Police, Islamists Put Up Obstacles to Worship in Indonesia


Church services over Christmas season blocked; property seized.

JAKARTA, Indonesia, January 10 (CDN) — Government officials in West Java Province blocked one church from worshipping, and Islamic groups pressured authorities to seize the property of another during the Christmas season.

The Bogor Regency Administrative Leadership Council tried unsuccessfully to forbid the Gereja Kristen Indonesia (Indonesian Christian Church, or GKI) in Bogor’s Taman Yasmin area from holding a Dec. 25 Christmas service, but authorities did block it from its regular Sunday service on De.26. In Rancaekek, Bandung, Islamic demonstrators on Dec. 19 got police to remove items from a Huria Kristan Batak Protestan (HKBP) church building that had already been sealed.

In Bogor, GKI Yasmin spokesperson Bona Sigalingging said police telephoned church leaders to forbid Christmas services that were to begin at 7 p.m. on Dec. 25.

“At that time the leaders rejected the police order,” Sigalingging told Compass.

Church leaders went to a strip of land in front of the GKI Yasmin building, which the Bogor city government has sealed, to set up a rented tent for the Christmas service. Local police arrived and ordered that the service be cancelled, but again church leaders refused, Sigalingging said.

They continued setting up the tent and arranging benches, and at about 5:30 p.m., 10 women wearing Muslim head coverings (hijabs) arrived to demonstrate against the Christmas service. Male demonstrators in Muslim clothing joined the demonstration at 7 p.m., and protestors from the Islamic People’s Forum (FUI) pressured police to stop the service.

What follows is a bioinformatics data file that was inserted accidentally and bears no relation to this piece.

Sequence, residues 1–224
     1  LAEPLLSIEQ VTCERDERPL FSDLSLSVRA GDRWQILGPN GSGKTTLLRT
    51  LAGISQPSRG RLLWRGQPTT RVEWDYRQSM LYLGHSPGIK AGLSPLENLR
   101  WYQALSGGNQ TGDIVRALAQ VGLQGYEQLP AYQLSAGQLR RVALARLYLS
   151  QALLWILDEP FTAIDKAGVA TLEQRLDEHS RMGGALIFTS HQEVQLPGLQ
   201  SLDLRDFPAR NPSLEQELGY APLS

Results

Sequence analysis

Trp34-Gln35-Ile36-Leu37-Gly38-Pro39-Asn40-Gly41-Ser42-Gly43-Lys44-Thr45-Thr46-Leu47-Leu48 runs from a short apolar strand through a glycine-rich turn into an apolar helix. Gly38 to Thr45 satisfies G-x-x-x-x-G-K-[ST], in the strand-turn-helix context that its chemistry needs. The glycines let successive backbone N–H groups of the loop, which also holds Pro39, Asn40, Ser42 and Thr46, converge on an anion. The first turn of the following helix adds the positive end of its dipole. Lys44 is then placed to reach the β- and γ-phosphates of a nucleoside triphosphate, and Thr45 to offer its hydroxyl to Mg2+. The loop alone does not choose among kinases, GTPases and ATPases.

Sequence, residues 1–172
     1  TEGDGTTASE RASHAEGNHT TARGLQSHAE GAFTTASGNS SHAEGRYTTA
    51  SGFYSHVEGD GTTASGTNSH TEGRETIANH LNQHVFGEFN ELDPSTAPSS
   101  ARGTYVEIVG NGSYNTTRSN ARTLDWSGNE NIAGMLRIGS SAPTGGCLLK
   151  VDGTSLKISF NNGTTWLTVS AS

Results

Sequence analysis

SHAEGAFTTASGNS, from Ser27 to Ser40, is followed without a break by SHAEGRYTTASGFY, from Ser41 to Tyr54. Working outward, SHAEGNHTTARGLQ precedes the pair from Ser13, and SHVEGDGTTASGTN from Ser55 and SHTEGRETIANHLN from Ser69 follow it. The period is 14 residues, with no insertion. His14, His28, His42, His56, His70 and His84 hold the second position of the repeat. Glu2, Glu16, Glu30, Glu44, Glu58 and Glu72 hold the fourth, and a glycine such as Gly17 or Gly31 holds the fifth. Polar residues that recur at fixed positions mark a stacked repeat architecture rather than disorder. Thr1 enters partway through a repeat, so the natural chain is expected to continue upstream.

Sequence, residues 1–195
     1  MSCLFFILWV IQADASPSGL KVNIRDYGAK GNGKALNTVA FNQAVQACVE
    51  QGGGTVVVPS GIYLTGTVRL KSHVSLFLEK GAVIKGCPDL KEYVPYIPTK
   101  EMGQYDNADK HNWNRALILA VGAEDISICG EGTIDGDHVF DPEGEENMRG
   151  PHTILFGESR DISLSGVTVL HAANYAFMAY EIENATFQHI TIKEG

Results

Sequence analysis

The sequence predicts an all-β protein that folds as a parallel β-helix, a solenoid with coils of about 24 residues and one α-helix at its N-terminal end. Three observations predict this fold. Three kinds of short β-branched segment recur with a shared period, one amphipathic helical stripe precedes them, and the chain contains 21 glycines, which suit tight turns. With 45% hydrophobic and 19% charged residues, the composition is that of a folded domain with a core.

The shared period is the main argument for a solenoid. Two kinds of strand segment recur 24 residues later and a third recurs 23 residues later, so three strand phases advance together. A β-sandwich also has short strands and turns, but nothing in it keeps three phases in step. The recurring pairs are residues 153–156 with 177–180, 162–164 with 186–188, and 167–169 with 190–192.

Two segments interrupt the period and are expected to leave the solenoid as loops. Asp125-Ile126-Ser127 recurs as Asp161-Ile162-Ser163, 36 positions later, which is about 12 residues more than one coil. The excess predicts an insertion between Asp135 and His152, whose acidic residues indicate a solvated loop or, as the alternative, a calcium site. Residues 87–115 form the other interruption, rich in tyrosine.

At 8 p.m., the Christmas prayer and reflection service began, with demonstrators screaming, “Allahu akbar [God is greater]!” and “Break it up!” They also yelled, “Arrest the provocateurs,” Sigalinging said.

Though upset, the congregation continued to worship, he said. As they sang “Silent Night” and lit candles, the demonstrators shouted all the louder, moving toward the worshippers. They came within three meters of the worshippers before police were finally able to restrain them.

The congregation continued in solemn prayer and song, with the mob yelling until the service finished at 9 p.m.

Church leaders were meeting at 12:45 a.m. to plan the next morning’s 8 a.m. worship service when a member of the legal team received a phone call asking them to meet with members of the army and intelligence services, as well as with Bogor city and West Java police. At the meeting, a soldier speaking for the Bogor municipality requested that the GKI cancel Sunday morning worship scheduled for Dec. 26, Sigalingging said.

“The soldier also spoke about the growing issue of defamation of religion [Islam defaming Christianity], and how this would be very embarrassing if the issue spread,” Sigalingging said. “Because of this, he asked the church to cancel services.”

Church leaders rejected the request, saying that the way to resolve religious defamation problems was to enforce the law and stand firm against intolerance and intimidation, Sigalingging said.

“They could also obey the decision of the State Administrative Court, which had found that the church had a legal building permit and had the right to worship even by the roadside,” said Sigalingging.

The roadside services marked a retreat from the church legal position, he said, as the administrative court had ruled that the church could worship in its building.

“Although the City of Bogor had requested a rehearing, this is no reason to delay the execution of the decision according to law 14/1985,” he said.

Sigalingging said that the decision of the administrative court had the force of law, and that the GKI Yasmin congregation should have been allowed to worship in its building. The court had found that the building permit was legally obtained and that the Bogor municipal government could not revoke the permit. The court had ordered Bogor to rescind the revocation order.